I’m not the kind to usually retrace my steps in a country. I like exploring new cities, meeting new people – in fact I consciously make the effort to avoid going back to the same place (especially within the span of a year) because I have so many other destinations on my wanderlust list. But of course, this being a school trip with very specific objectives, I couldn’t afford to only consider my personal inclinations.
In a way, it was good because I did promise the kids at SSF that I would be back. We told them June previously, so technically I’m half a year late. It’s amazing how much things can change within a year – the guesthouse that looked dark and foreboding with its shutters is now an inviting blue. The room we stayed in no longer exists – in fact it is the lounge area for backpackers to rest while waiting to use the computer. There’s wifi access at the cafe and the toilets have heaters while the rooms are air-conditioned. Simple, but definitely functional. The food served up by the students was excellent, although I must admit that I was so glad to go back to the noodle stall and indulge in that bowl of sweet beef noodle soup. The kids at the protection center are still the same – the older ones ask, “This is not your first time here right?” even though we only spent an afternoon together at the village. The younger ones don’t remember, but they are as cute and mischievous as ever. The scary dogs at the office are no longer there, but during this trip I somehow lost that fear of dogs or insects. Perhaps it has to do with having to maintain a facade of bravado in front of the students. The people are still the same – Vichetr and his lovely wife, Panna, Narong, Varonika – all speaking with much better English now. It was so touching when they shared with my students their dreams and how they believe that change starts from the individual, and not from the context or country.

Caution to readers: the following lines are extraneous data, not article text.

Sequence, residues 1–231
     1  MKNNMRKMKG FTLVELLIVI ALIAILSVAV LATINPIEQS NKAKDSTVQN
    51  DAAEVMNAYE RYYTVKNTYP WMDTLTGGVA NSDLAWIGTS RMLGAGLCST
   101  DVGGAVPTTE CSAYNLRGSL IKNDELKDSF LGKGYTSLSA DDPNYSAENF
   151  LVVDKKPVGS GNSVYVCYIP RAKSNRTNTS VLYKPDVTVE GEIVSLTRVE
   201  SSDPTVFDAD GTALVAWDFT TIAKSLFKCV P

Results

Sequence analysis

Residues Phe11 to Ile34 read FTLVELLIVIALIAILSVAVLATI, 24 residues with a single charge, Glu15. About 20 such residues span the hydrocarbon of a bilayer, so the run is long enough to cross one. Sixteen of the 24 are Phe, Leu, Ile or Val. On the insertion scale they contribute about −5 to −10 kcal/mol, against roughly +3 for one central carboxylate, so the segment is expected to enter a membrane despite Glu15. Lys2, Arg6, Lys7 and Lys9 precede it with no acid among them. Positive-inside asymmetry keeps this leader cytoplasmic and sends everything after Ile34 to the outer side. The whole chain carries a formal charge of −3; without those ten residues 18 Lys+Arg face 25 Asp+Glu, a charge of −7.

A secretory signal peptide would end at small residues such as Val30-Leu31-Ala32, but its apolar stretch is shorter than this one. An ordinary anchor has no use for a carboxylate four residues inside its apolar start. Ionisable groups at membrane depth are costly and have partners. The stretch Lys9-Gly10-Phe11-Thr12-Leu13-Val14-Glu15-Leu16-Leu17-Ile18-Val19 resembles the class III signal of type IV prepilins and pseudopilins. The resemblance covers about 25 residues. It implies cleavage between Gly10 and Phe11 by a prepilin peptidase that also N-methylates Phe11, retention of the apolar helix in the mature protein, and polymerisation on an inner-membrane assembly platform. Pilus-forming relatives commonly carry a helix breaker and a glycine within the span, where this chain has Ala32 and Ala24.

Our route in Phnom Penh was similar too – the killing fields (minus the ATV) and Tuol Sleng. The survivors are still surviving. The scenes evoked are still as harrowing, although I’m not sure my students are old enough to understand the gravity of the massacre. If ever there was the sensation of a parallel universe, this has to be it. The dissonance lies in how much things have changed – and this constant comparison between what has changed and what has remained felt like I was submerging myself in hot and cold water simultaneously.
Of course, there were some differences. We visited a different village this time and got to spend more time interacting with the villagers. I (thankfully) did not waste anyone’s rice this time while rice husking, even though one of our students dropped a metal hook into the well … We also visited a high school and a slum site where the people are so poor they live under the large electric cables.
This entire trip was like .. sitting under a giant Bodhi tree. I feel strangely zen after this, in the sense that I no longer feel that attachment to material goods. My obsession with new things and gadgets seems to have faded away (for now, and hopefully for good) and I would like to dedicate the time that I have to investing in relationships and health instead. At the end of the day, the riches we have on earth really matter more in the lives we’ve touched and the people we love, rather than the objects that wear, tear and fade away.
As we left the protection center, I walked away quickly, struggling to hold back my tears. But even though I made no promises this time, I have a very strong feeling that I will be back again.